25 Pasquini v. Pasquini, 2 Fla. L. Weekly Supp. 255 (Fla. 15th Cir. Ct., April 14, 1994); Brophy v. Brophy, 3 Fla. L. Weekly Supp. 58 (Fla. 15th Cir. Ct., March 3, 1995).
26 See Slomowitz v. Walker, 429 So. 2d 797 (Fla. 4th D.C.A. 1983), for an explanation of “clear and convincing evidence.”
27 See Bloomfield v. City of St. Petersburg Beach, 82 So. 2d 364 (Fla. 1955).
28 Since the permanent residence requirement is the same for long-arm personal jurisdiction and divorce subject matter jurisdiction, the indicia of intent and case law regarding both equally apply.
29 I.R.C. §7701(b); Treas. Reg. §1.871-2(b).
30 A Florida intangible personal property tax return is required if such property “is owned, managed or controlled by any person domiciled in this state on January 1 of the tax year.” See Fla. Stat. §§199.175(1) and 199.052(1).
31 Fla. Stat. §196.031(1). See also Arthur v. Arthur, 543 So. 2d 349 (Fla. 5th D.C.A. 1989) (Long-arm personal jurisdiction over husband found where, among other things, he “had filed for a Florida homestead exemption for the Melbourne home.”); Hoffman v. Hoffman, 552 So. 2d 958 (Fla. 1st D.C.A. 1989) (similar).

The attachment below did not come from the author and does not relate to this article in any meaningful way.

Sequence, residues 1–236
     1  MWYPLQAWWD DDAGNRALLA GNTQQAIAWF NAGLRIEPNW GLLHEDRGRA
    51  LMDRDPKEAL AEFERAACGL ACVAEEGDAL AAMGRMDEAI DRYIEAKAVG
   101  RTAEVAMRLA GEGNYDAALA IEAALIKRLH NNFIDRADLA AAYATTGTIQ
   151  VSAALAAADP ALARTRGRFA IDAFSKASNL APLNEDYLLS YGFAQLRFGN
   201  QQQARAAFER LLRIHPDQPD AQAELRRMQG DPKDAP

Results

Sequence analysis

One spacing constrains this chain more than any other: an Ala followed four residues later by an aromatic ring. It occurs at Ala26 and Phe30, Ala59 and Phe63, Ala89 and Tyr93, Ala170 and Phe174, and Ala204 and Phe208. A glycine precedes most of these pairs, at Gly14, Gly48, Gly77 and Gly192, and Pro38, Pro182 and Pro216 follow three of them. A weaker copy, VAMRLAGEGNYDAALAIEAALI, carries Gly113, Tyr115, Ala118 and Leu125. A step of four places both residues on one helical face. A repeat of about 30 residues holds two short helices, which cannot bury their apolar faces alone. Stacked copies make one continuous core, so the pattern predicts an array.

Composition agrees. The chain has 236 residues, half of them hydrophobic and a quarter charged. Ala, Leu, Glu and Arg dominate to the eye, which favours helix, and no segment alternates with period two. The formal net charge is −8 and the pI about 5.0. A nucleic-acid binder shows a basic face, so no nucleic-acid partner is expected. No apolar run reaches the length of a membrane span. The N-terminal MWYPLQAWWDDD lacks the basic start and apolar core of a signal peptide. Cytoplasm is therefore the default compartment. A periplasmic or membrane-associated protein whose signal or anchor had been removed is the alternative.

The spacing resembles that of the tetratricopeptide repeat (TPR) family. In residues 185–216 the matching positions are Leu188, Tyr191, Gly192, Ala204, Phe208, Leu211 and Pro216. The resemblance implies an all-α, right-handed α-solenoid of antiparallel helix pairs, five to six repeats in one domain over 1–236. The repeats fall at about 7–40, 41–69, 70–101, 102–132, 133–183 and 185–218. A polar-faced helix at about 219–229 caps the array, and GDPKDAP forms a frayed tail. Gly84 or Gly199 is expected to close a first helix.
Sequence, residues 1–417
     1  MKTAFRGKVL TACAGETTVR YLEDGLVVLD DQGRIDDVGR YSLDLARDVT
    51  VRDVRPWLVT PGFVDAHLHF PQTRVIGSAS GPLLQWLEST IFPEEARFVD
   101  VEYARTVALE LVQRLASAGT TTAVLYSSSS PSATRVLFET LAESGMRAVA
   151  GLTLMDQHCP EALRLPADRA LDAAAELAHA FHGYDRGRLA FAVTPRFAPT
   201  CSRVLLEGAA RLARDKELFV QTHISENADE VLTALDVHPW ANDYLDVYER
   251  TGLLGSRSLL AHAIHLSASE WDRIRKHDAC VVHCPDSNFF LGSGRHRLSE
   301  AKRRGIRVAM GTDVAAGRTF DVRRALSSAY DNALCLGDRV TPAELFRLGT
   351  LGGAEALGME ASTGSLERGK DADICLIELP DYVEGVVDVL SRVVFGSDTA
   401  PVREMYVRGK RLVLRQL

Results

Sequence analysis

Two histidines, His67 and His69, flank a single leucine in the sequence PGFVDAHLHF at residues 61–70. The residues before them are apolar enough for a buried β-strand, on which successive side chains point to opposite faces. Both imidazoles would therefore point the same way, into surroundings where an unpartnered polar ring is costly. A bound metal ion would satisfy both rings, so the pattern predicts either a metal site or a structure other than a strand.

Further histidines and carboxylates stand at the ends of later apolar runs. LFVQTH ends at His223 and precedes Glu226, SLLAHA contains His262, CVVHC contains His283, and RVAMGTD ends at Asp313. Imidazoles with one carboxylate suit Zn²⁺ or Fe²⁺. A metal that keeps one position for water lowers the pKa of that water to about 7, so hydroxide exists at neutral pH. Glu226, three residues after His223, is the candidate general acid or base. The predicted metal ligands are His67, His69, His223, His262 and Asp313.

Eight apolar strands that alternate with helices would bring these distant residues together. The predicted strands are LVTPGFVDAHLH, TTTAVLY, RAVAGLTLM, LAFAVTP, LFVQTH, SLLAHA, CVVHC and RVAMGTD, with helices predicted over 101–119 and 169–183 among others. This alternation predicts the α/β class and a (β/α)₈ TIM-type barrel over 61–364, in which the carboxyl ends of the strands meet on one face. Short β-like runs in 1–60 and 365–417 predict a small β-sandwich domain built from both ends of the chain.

32 See Sragowicz v. Sragowicz, 591 So. 2d 1084 (Fla. 3d D.C.A. 1991) (wife held not to be a permanent resident where, among other things, she never filed for homestead exemption); Brophy v. Brophy, 3 Fla. L. Weekly Supp. 58, 59 (Fla. 15th Cir. Ct., March 3, 1995) (Same).
33 See, e.g., Winther v. Winther, 4 Fla. L. Weekly Supp. 656 (Fla. 20th Cir. Ct., March 27, 1997).
34 See and compare Hoffman v. Hoffman, 552 So. 2d 958 (Fla. 1st D.C.A. 1989); and Winther v. Winther, 4 Fla. L. Weekly Supp. 656 (Fla. 20th Cir. Ct. March 27, 1997) with Brophy v. Brophy, 3 Fla. L. Weekly Supp. 58 (Fla. 15th Cir. Ct. March 3, 1995). The Brophy court noted that a party’s “non-registration as a Florida voter [is] indicative of her lack of domiciliary intent.”